Lonestar Memories: Colombina on Perfumesmellingthings. (...)Lonestar Memories makes me want to escape the mundane confines of my everyday world(...)


Lonestar Memories: Katie on Scentzilla. (...) Lonestar Memories smells of the examined life. Inside there is joy, and there is tiny heartbreak, e xisting only in reverie. The scent unravels into the consideration of past experiences, and pinings for future joys and heartbreaks(...)


Lonestar Memories: Marlen Harrison's review on PerfumeCritic.com (...) If you're a lover of leather or richer wood fragrances, this is gonna be a holy grail scent and in that case, better get two bottles.(...)


Lonestar Memories: Cait Shortell's review on Legerdenez. (...) Do you appreciate scent because you identify with the scent and its image? Does a scent have the ability to create a memory outside one’s own experience?(...)

Wednesday, October 12, 2005

Good enough?

Remember the Orange flower topic covered on this blog? It is time for an update. My little Orange flower baby has matured for a month, bottled in its glass vial and sitting on the shelf patiently going through this mysterious maturation process. Like the homunculus of past days growing in his bottle, the maturation of Orange flower oeuvres is a tricky one, I have seen it many times how a golden concentrate of a wonderful deep sensual scent has turned into diluted caramel syrup, vulgar and trashy. Thus, it is like opening an old bottle found in an Egyptian grave, labelled with a papyrus with magic hieroglyphs saying "Warning: Contains harmful liquid which may enlighten desire or disgust upon release. Opening this bottle may result in immediate disappointment. Do not open if you are under 18. Contraindications: Depression, cardiac problem encountered in the past, limited self-esteem. You open this bottle at your own risk."

Now, with the bottle opened, an aliquot diluted to a starting dilution of 10%, which would result in an intense eau de toilette, I sit here and wonder. Is it good enough? Is it what I wanted to get done? Well, I do not really know yet. Vero, my friend and mentor in perfume matters, thinks it is there where it should be. I look at it and I am faced with two very basic traits of my personality, juxtaposition of two intrinsic driving forces: Unconditional enthusiasm and luring scepticism. It is the best Orange flower so far, that’s for sure (enthusiasm speaking), but it is maybe not abstracted enough (scepticism spreading), it is powerful and clear and vibrant (happy enthusiast) but there are spots in it which might be too loud, too direct for the unacquainted and it is not really a man’s nor a women’s scent (desperate sceptic).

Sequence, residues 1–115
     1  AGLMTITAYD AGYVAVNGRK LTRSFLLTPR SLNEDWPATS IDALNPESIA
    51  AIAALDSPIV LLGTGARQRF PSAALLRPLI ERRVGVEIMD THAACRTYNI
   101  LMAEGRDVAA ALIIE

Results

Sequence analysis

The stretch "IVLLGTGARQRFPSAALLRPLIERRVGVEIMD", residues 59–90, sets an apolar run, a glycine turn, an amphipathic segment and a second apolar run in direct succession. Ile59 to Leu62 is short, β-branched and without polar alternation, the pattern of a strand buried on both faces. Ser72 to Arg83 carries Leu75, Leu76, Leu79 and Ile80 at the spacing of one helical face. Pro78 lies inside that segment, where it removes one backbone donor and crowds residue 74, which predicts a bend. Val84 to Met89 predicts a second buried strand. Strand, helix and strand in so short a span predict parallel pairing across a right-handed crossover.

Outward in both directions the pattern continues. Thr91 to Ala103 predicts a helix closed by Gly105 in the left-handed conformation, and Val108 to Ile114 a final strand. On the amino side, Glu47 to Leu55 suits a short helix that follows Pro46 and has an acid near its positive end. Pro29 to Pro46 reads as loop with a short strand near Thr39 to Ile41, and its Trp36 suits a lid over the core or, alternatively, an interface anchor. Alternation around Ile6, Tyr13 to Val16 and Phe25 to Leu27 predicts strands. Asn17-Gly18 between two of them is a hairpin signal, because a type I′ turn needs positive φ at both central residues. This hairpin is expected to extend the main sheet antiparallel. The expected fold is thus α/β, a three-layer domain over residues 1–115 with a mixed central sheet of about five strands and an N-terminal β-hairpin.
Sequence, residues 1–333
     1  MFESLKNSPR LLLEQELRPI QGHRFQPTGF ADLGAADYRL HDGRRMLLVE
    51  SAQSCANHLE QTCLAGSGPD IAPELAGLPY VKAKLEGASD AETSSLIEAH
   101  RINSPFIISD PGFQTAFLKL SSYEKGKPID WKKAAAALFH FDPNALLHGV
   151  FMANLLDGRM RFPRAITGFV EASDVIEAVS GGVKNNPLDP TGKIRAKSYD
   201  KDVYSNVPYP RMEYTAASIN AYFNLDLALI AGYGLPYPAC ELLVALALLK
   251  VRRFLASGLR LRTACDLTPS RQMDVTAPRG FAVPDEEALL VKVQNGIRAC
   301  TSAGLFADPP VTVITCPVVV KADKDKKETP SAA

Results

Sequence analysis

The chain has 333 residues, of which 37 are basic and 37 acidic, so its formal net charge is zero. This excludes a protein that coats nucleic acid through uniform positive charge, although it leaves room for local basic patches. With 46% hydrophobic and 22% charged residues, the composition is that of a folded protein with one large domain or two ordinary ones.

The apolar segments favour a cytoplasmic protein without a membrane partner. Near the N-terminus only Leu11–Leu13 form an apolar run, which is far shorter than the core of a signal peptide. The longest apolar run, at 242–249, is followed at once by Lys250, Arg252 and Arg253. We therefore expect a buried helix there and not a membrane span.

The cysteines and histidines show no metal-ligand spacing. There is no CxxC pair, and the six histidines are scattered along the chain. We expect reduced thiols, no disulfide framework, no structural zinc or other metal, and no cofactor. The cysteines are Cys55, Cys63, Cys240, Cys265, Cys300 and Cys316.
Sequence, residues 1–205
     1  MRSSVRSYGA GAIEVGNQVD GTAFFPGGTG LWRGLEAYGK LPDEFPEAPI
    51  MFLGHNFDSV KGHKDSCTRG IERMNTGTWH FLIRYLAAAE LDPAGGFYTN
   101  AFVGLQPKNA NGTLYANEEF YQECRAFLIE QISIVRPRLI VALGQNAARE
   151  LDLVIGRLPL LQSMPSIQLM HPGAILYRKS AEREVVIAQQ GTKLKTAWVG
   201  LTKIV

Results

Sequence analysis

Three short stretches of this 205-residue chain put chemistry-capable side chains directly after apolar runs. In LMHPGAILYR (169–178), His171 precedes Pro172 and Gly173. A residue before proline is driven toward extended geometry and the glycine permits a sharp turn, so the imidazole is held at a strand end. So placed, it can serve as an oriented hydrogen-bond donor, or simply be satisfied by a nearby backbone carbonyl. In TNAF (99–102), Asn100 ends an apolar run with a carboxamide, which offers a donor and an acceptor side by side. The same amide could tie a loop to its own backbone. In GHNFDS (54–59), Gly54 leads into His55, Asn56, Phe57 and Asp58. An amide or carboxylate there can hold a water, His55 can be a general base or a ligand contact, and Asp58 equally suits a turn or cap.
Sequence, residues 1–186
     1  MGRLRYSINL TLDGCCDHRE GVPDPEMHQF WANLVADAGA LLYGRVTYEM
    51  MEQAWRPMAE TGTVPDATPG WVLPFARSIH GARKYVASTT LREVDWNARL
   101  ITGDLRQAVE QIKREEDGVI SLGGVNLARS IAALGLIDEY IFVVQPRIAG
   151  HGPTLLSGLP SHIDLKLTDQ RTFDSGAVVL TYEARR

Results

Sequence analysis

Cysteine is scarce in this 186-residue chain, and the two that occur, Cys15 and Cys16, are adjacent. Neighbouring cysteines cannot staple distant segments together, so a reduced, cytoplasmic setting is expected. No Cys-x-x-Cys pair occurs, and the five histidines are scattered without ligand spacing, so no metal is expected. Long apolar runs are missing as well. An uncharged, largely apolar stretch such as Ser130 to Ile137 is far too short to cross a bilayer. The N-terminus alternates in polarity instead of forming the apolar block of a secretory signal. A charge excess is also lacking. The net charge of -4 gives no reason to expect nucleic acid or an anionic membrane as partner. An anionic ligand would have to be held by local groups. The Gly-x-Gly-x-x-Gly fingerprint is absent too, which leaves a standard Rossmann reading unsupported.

The question of "good enough?" will never be solved, I guess, but for the time being, I will stick to it and see how it develops in different dilutions from 5 to 15%. I think, 7.5% will turn out to be the perfect dilution bringing out all the wonders of this expensive and sexy Orange flower absolute in it, turning my baby into any Orange flower lover’s dream…..(enthusiast speaking).

3 Comments:

Blogger Heather said...

This is very funny Andy - and I have every sympathy because I have been 'there'

I have a perfume called 'Elsie' - which is everything I think I wanted for it - but it never fails to bring to mind - vulgar and trashy - which might be the very thing that suits the lady in question - but unfailingly it is my no 1 best seller - so don't despair - you would be surprised just how popular vulgar is!!

1:50 AM  
Blogger andy said...

Thank you for supporting the enthusiast, Heather! Maybe it would be a good idea to immerse myself a little bit more into the daily life of folks around me (time to go to MacDo?) to get an idea what is popular and what is not....
And right you are... a little bit vulgarity might fit an orange flower perfume quite well :-)

4:23 AM  
Anonymous Prince Barry said...

All this talk of vulgarity brings to mind my favourite molecules...indoles (again)..LOL.

There is just something magical with those molecules. On one hand they are repulsive and then on the other hand, we can't stop sniffing them. This is very true with me when I wear Mandy Aftel's Cepes and Tuberose.

Vulgarity sells, there is no doubt about it.

Barry

10:46 AM  

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